In recent years this quandary has been worsened by the encroachment of rising sea levels.  Singapore fortunately has the financial resources artificially to expand its land area by robbing it from the sea.  The image above shows one example.  The city sinks massive ocean-resistant caissons (seen above from the air) into the sea bed surrounding its natural land base, forming void rectangular enclosures.  It then imports huge quantities of sand, or of pulverized rock, and fills in the rectangles to provide new land area which, when completed, will form new surface area for development.  The new land is high enough to withstand sea level rise in the coming years.

The article contrasts the case of affluent Singapore with other, more impoverished, island “micro-nations” that are losing the battle against rising seas.  Solomon Islands is a Pacific Ocean nation on six major islands and several hundred smaller islands, with an area of 11,000 sq. mi.  The article notes that five small islands have already disappeared under rising seas.  Kiribati has bought 6,000 acres of land 1,000 miles away in Fiji for resettlement of its people.  The Maldives is considering a similar purchase in Australia.  Some of the people living on the island micro-nations of Tuvulu, the Marshall Islands and Nauru have already departed.


Newspaper reports on sea level rise.  The examples cited in the articles above pinpoint the flooding, and consequent damages, to be expected along coastlines all over the world as sea levels continue rising.  Man-made global warming, the main cause for the rising seas, is unequivocally due to humanity’s burning of carbon-containing fuels for energy, emitting the greenhouse gas carbon dioxide into the atmosphere.  (Other man-made greenhouse gases also contribute to warming.) 
The fundamental problem is that carbon dioxide remains resident in the atmosphere for centuries because there are no natural processes that remove it at the speed and on the massive scale needed to balance the excess amounts that we produce.  As a result, warming will continue worsening until emissions are effectively minimized to near zero. 

Polar melting.  As noted in the Summary, the long-term average temperature of air in contact with the Greenland ice sheet and of ocean water in contact with the Antarctic ice shelves is already warm enough to lead to net melting of these ice reservoirs, raising global sea levels.  We cannot go back to a planetary regime having a lower temperature (which might slow or stop melting of the ice) because of the permanence of carbon dioxide in the atmosphere.  Consequently the sea level is projected to increase for centuries.  Projected higher temperatures will worsen this trend.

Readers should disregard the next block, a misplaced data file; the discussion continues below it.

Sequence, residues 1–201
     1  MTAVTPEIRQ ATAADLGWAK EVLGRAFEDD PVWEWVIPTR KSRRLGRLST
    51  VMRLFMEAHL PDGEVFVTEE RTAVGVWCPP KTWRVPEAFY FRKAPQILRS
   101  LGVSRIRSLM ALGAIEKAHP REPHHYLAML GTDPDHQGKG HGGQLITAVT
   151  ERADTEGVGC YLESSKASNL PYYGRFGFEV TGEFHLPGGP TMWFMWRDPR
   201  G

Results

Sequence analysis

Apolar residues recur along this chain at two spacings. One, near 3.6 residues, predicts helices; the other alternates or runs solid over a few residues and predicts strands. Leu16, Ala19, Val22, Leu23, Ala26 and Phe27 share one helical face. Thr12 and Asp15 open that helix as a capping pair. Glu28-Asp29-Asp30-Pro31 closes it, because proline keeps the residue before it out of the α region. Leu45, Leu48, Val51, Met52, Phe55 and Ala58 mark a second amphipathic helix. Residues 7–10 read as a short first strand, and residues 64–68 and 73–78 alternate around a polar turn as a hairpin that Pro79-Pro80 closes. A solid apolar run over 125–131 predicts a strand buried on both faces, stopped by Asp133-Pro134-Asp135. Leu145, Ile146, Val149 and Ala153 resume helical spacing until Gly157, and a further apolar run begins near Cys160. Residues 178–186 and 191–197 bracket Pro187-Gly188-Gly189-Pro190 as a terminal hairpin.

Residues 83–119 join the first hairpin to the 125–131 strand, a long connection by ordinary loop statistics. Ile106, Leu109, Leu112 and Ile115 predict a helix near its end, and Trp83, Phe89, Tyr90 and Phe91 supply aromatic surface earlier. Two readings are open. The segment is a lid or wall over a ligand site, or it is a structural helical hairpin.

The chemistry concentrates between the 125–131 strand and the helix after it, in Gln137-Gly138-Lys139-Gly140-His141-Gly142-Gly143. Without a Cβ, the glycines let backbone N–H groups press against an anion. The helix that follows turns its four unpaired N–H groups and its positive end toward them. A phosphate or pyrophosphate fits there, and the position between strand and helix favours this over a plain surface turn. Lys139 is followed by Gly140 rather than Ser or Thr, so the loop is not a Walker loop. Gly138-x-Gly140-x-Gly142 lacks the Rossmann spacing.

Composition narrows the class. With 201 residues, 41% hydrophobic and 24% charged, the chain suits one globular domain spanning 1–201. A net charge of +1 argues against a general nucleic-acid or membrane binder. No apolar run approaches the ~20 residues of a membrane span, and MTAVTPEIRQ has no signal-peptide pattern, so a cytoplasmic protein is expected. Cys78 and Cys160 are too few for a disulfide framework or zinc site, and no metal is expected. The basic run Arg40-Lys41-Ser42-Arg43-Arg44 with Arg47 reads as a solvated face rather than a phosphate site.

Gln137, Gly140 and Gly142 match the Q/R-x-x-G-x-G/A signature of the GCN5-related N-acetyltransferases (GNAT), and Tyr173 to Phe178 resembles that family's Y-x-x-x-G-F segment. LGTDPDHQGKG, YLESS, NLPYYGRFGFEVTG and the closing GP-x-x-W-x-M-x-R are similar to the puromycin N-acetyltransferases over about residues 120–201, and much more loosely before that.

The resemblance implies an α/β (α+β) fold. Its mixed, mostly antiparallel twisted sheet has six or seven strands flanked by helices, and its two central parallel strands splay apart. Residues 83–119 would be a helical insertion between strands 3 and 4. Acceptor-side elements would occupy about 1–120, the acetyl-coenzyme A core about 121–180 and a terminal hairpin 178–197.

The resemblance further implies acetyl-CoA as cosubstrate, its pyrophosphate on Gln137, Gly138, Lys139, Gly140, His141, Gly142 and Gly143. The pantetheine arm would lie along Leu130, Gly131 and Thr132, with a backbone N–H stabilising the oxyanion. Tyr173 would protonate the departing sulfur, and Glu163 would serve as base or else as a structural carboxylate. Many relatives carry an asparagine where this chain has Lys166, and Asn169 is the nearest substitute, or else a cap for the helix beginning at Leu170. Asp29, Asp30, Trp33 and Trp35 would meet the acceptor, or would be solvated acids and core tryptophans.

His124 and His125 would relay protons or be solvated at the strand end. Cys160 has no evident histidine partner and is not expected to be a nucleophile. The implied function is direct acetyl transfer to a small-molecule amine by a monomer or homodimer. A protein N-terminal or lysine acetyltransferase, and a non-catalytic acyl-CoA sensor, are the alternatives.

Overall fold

The “social cost of carbon” is an economic term for a framework that attempts to place direct financial costs, as well as indirect societal costs, on the consequences of carbon dioxide-induced global warming.  This is necessary because direct costs for the use of carbon-containing fossil fuels stop at the point of sale of the fuel.  The costs incurred as consequences of the resulting global warming are not reckoned in the sale price. 

This may be contrasted, for example, by the costs that residents bear to have their household waste removed by tax-supported services, or the charges that they pay for treatment of their waste water.  The separate expense of handling the waste is directly borne by property owners and/or municipal taxpayers.  No analogous cost for waste treatment is built into the cost structures of fossil fuel-derived energy use.  This is the accounting that enters into pricing the social cost of carbon.
Contributions to the social cost of carbon are seen in the journal snippets presented here.  Singapore is fortunate in having the resources to protect itself from sea level encroachment.  The other oceanic island micro-nations mentioned here do not; they face existential threats in the near future. 

In the U. S., coastal communities in Miami and south Florida, as well as Norfolk, Virginia, now suffer fair weather flooding at high tide, due to higher sea levels, that had not occurred previously.  Their cost of carbon lies in the extensive, expensive barriers they are forced to put in place to minimize the flooding.  Likewise, the New York region is planning to construct similar barriers as a defense against the possibility that future storm surges similar to that of Hurricane Sandy could occur.  All these projects were not foreseen in earlier budgeting processes.  The additional expenses for them become unexpected taxpayer burdens at the state and local levels.  They clearly represent social costs of carbon that are not included in the prices paid for fossil fuels at the time of use.

Three simultaneously published newspaper articles have pointed out the present and future harms to humanity due to sea level rise.  The rising level is due to humanity’s burning of fossil fuels, worsening the carbon dioxide-induced greenhouse effect and producing warmer global average temperatures that melt polar ice caps.